Penn State collegian. (State College, Pa.) 1911-1940, October 01, 1913, Image 1

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The Camp Conducted by the War
Depai tment a Great Success
Over One Hundred and Fifty Col-
lege Men Enroll
The students' camp which was
held at Gettysburg last summer
met with great success, and in con
sequence the war department will
probably establish a number of
such camps mound the country
next summer. The principal func
tion of them being to interest the
young American in military affairs
and also to pt epaie•him to eventu
ally serve as au officer in the great
national military reserve which is to
be established in this country.
President H• S. Drinker of Le
high University speaks of this new
institution in the following way:
"When in May last I received the
letter sent out by General Leonard
Wood, Chiel of Staff of the United
States Army, to the presidents of
our American Universities and Col
leges, stating that the Secretary of
War had decided to hold during
the following summer two experi
mental military camps of instruc
tion for students of such institu
tions, I received the word with
hearty appreciation of the immense
good to out young men likely to le
suit from such an establishment.
Of all things that the American
youth of today needs, and needs
most, is the advantage resulting
from an experience of rigorous,
self-imposed discipline, and this
would hr self-imprlscd discipline. as
the young men joining these camps
would go of their own motion.
Among young men there are espe
cially two classes to whom such an
experience would be most valu
able—those coming from well-to-do
indulgent parents, and those who,
lacking parental control, have de
veloped an independence of ac
tion not consistent in all respects
with the proper conventions of
society and life. Nothing could be
better• for these men or• for any
other of our youths, than to be
thrown together for a time in a
body under the careful supervision
of the splendid men to whom have
been delegated the care and super
vision of our boys in these camps—
officers of the army, gentlemen of
high ideals, thorough training and
intensely and patriotically interest
ed in the work.
I have had the pleasure of visit
ing the instruction camp at Gettys
burg and again the second camp
for target practice, at Mount Gret
na, to which the boys marched
from Gettysbuig, camping by the
way, and learning practically how
to care for themselves by day and
night while living in the open air.
The country owes a great debt of
gratitude to the men who devised
and put into effect this experiment
for the benefit of our youth, and it
is generally to be hoped that it
may go on and be developed. Out
university and college bled youths
should develop as a class into lead
ers of our people; surely in their
training nothing can be more valu
able than this hard clisciplinaly
expelience in obedience and regular
clean living."
Di. thinker has made a study of
these camps instituted by the gov
ernment, and as he is closely asso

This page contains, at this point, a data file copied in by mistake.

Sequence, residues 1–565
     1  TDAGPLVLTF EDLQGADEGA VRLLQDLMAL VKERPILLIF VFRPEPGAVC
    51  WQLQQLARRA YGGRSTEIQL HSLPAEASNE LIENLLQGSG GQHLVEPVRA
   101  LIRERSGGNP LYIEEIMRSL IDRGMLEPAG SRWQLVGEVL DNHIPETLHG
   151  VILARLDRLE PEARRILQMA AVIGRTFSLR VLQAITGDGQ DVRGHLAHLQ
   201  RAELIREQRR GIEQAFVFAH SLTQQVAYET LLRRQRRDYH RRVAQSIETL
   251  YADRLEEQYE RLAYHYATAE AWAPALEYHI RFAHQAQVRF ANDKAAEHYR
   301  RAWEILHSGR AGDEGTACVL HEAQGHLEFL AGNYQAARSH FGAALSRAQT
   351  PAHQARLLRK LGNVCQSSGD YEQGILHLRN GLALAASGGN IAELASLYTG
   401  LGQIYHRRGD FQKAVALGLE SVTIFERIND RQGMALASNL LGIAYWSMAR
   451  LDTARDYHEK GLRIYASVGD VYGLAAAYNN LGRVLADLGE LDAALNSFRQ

ciated with the college man, his
verdict is most valuable to those
interested in the military policy of
this country. The purpose of this
article is again to call the attei.tion
of our readers to the fact that the
government will very probably
greatly enhance the possibilities of
these camps in the coming summer,
and it is very possible that the
financial status will be made favor
able to the student. If you make
your plans for next summer far in
advance, give this commendable
proposition your careful considera
tion and give the Penn State regi
ment moie of a representation at
the camp than it had this yeal.
-- - -- -----
Hard Schedule Confronts Team
Prospects Good
On Wednesday evening, at a
meeting of the soccer squad, the
following men were elected to
office for the school year: Assist
ant Managers, Bishop 'l5, and Vol
mer 'l5; Captain, Savery, 'l4.
Vigorous efforts are being put
f oith by these new men and Mana
ger Gregg to make this season sur
pass all previous ones both in the
popularity of the sport and the
achievement of the varsity team.
The schedule that confronts the
team as it appears at present is by
far the best ever di awn up here.
Games with teams such as Prince
ton, Cornell, Columbia, Pennsyl
vania, Washington and Jefferson,
and Havetford ate already practi
cally assured, while negotiations
with other similarly strong teams are
well advanced. Six games at least
will be placed on the schedule.
Pout of there will be played on for
eign fields.
With the exception of the I resh
man class, all classes have respond
ed well to the call for candidates.
Up to date a squad of over thirty
five men have reported with new ad
ditions coming in at each practice.
It is the desire of Manager Gregg
that new men, especialty freshmen,
who have not reported do so at
once or leave their names with him
or with "Doe" Lewis at the
Ar mory.
Twenty-five old men have thus
far shown up for regular practice
and as last year's graduating class
left several vacancies in the lineup,
competition for a varsity berth
should be keen. For the new men
this is an exceptional opportunity